I’m writing this on the 16th day of December, which means we’re on the 16th day of advent. This means I’ve just watched my 16th Christmas film this month. I’ll be honest, I’m starting to get a bit tired of festive movies. It doesn’t exactly help that the majority of them have been terrible. This is mostly because I just went with whatever was available on Netflix or free on Prime. Also, time was a factor. I’ve had to go for shorter films this week in order to fit everything in. Regardless of the reason, I’ve been subjected to a fair few dreadful films. Admittedly, there have been some high points but, I’ll be honest, Fred Claus wasn’t one of them.
Back in 2013, long before this blog moved to WordPress, I constructed a list of my 10 least favourite Christmas films. It was a ragtag bunch of films that I assume many people will find controversial. This film was number 6 on the list, so you can imagine how little I was looking forward to watching this. However, after Noelle, I felt that I had to watch it. A film that deals with Santa’s sibling but without the saccharine Disney vibes. Something that means we don’t have to endure Vince Vaughn singing out of a widow to summon a CGI reindeer.
Instead, Fred Claus is Santa’s overlooked and cynical older brother. From a young age, Nicholas was a good kid and was clearly the favourite of their parents. Fred is, understandably, jealous and grows up to resent his brother. Whilst his brother only becomes more and more popular thanks to the whole Christmas thing, Fred lives a more cynical life as repo man. After asking his brother for money, Fred is summoned to the North Pole to work for it. Unfortunately, this also coincides with the arrival of an efficient agent who is overseeing the running of Santa’s operations. Will Santa be able to reconnect with his brother and prevent Fred from ruining Christmas for everyone?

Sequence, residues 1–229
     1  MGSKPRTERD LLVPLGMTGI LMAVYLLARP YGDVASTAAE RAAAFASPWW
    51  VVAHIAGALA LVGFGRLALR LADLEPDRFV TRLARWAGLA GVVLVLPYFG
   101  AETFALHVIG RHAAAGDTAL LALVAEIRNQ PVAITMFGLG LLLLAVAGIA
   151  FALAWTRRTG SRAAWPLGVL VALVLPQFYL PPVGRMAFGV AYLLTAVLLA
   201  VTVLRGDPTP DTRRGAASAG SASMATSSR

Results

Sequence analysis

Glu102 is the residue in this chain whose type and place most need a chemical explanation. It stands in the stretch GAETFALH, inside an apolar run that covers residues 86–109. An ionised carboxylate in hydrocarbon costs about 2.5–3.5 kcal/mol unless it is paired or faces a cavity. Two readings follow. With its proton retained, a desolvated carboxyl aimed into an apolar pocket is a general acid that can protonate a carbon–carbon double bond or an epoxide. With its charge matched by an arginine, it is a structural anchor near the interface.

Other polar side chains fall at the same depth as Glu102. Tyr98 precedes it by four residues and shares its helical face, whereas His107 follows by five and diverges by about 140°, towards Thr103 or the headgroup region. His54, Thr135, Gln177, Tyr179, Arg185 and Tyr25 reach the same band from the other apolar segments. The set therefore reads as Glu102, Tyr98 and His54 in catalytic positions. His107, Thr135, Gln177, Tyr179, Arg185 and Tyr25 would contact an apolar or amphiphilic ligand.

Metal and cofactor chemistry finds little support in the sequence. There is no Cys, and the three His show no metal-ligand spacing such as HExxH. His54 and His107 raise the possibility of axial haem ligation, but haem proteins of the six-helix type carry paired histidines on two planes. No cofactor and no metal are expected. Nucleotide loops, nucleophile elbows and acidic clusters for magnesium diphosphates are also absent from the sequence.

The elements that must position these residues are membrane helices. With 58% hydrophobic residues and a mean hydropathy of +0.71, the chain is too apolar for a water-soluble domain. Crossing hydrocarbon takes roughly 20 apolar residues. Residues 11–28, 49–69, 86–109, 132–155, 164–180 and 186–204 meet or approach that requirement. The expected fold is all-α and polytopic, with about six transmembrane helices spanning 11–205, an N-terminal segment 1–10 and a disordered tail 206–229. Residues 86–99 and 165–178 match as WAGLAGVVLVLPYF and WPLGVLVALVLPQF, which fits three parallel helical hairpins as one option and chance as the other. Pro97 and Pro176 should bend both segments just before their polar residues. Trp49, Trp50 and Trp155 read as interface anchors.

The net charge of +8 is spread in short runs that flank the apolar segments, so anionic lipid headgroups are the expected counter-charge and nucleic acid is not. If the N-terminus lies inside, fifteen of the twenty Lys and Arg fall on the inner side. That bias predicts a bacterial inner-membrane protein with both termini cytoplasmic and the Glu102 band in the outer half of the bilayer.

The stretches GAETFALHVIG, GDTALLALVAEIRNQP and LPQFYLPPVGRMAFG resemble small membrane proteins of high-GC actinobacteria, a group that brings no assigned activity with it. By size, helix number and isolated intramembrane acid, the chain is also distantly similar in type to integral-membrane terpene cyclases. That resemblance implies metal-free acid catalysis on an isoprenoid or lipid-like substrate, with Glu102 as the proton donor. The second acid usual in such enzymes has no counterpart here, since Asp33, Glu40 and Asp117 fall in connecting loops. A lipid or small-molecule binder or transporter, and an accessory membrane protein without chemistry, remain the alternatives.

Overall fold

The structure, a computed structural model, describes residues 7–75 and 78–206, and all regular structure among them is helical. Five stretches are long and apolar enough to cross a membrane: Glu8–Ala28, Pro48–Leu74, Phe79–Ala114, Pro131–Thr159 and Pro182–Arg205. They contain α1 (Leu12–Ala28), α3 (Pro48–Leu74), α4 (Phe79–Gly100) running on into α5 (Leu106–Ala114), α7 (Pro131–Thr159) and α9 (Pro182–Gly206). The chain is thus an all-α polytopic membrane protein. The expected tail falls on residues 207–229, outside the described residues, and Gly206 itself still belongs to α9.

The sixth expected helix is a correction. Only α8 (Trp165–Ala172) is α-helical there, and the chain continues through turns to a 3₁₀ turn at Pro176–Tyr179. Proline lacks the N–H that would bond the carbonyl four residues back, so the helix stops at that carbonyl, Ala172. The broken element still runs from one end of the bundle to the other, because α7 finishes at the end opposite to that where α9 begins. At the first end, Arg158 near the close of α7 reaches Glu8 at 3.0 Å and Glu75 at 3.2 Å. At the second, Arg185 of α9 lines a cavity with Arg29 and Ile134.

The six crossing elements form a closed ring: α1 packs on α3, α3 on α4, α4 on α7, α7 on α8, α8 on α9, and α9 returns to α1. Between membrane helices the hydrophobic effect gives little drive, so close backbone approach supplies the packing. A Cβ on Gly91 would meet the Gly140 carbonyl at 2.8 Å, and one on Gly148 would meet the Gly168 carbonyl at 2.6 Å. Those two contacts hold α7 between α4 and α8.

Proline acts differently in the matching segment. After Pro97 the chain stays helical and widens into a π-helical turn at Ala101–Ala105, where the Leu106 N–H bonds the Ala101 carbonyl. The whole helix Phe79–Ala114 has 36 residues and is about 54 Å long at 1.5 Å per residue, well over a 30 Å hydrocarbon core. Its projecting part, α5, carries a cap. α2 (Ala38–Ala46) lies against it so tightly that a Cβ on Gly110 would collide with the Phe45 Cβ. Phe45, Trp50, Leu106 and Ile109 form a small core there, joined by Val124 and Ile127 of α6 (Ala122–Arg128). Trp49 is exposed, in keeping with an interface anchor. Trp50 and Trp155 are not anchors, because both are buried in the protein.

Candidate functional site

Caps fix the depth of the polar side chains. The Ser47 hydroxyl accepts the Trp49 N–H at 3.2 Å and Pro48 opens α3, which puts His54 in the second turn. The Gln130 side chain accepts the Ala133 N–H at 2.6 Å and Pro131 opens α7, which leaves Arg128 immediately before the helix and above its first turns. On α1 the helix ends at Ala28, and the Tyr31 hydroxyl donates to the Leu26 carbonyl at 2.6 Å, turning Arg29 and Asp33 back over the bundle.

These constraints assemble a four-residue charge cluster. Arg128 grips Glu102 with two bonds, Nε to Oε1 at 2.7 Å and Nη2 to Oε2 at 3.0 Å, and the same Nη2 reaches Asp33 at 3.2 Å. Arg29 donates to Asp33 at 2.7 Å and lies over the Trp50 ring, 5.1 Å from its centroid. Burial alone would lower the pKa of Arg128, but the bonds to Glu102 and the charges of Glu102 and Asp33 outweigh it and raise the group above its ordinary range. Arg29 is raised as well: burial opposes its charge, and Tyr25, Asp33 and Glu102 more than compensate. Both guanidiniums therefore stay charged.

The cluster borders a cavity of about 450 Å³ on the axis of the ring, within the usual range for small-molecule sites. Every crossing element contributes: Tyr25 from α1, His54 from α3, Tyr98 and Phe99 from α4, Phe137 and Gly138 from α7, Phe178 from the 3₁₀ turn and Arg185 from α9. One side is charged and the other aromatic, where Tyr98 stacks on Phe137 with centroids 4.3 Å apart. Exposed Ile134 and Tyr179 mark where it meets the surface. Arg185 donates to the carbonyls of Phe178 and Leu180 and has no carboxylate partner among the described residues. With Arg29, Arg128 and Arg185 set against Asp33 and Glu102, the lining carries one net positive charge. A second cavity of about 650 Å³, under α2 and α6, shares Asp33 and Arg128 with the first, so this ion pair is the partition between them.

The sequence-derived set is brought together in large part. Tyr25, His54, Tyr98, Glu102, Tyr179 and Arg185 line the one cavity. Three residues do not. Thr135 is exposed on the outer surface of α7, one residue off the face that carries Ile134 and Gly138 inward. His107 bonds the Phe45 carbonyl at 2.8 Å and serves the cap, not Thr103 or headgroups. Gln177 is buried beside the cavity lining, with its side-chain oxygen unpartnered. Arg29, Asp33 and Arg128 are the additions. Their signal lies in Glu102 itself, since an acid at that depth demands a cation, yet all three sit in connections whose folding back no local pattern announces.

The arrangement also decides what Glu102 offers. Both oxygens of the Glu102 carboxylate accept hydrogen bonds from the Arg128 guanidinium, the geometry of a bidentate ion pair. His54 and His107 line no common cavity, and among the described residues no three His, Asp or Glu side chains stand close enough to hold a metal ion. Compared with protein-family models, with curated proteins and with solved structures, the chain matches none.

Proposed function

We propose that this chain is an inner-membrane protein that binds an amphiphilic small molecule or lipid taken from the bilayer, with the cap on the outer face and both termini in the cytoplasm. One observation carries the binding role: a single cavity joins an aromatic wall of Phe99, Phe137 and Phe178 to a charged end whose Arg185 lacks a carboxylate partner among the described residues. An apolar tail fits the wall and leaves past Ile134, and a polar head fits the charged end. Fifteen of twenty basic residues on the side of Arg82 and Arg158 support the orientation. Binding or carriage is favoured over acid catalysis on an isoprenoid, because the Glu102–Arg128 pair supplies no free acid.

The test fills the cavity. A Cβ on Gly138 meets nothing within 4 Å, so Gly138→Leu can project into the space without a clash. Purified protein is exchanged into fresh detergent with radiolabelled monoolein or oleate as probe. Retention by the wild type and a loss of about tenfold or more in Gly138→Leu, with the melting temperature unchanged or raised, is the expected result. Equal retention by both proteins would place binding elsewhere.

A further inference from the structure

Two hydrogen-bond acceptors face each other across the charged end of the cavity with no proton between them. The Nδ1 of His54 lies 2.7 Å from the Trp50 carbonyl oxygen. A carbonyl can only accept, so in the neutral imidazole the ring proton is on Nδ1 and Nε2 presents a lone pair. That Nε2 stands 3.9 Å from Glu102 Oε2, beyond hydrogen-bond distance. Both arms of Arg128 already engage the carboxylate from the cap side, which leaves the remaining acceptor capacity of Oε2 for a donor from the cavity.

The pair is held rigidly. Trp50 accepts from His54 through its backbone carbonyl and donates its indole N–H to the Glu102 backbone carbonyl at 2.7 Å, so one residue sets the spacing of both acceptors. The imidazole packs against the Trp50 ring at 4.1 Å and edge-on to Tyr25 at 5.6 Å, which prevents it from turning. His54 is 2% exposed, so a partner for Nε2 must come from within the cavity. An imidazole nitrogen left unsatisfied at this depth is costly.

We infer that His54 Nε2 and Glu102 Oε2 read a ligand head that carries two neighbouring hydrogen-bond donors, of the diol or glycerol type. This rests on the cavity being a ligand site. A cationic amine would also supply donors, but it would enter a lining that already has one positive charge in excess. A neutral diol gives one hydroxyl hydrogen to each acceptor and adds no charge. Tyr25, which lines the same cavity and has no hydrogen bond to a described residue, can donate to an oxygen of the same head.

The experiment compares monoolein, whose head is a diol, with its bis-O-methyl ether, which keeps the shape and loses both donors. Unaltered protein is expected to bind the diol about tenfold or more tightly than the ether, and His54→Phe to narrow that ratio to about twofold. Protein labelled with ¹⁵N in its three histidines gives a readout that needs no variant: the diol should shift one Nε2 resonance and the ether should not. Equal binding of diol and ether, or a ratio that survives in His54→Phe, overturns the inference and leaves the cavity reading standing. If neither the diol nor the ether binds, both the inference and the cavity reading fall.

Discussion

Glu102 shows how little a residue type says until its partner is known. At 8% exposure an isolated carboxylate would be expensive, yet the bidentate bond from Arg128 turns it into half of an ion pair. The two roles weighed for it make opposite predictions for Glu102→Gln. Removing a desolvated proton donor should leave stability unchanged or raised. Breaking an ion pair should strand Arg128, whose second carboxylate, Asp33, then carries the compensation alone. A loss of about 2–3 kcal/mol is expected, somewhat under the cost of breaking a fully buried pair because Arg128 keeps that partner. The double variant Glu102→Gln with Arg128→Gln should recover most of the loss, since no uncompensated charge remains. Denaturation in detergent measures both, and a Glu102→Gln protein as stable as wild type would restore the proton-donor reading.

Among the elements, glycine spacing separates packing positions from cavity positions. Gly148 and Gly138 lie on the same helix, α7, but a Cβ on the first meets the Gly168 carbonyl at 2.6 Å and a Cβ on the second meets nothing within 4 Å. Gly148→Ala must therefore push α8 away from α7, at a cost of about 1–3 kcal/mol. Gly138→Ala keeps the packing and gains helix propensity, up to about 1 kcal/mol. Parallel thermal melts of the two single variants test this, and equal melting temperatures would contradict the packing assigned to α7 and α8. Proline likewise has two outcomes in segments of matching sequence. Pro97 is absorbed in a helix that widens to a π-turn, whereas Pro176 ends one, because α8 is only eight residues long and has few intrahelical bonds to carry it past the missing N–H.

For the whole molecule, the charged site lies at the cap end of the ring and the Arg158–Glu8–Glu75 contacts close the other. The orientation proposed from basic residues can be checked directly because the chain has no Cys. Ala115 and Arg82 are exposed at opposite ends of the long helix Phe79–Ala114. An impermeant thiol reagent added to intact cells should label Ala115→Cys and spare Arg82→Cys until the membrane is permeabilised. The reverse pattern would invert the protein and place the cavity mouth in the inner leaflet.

Looking at the cast list of this film, you’d think it was something absolutely incredible. Well, at least for the year that it was made. Looking at it now, Kevin Spacey doesn’t seem like the amazing score that he would have in 2007. Although, I don’t want to get into that right now. The fact is, there is nothing about this film that warrants this group of people signing up for it. Well except money, of course. Fred Claus has a lot of potential in the sibling rivalry side of the plot. There’s a fun moment when Fred joins a Siblings Anonymous meeting with various famous siblings. It’s something that could have been expanded on instead of the fairly standard Christmas storyline at the heart of the film.
The problem is, this is a film that doesn’t really succeed on any level. It’s not as cynical as it wanted to be and the ending is not as heartfelt as it believes it is. Fred Claus tries to make a point about not child being naughty but just being misunderstood. However, it kind of forgets that during vital moments and starts banging on about something else. This is a messy and overly complicated film. It certainly doesn’t fill me with joyful Christmas feelings. Fred Claus might be trying to convince us that there is no such thing as a naughty child but definitely doesn’t get close to teaching us that there is no such thing as a bad Christmas film.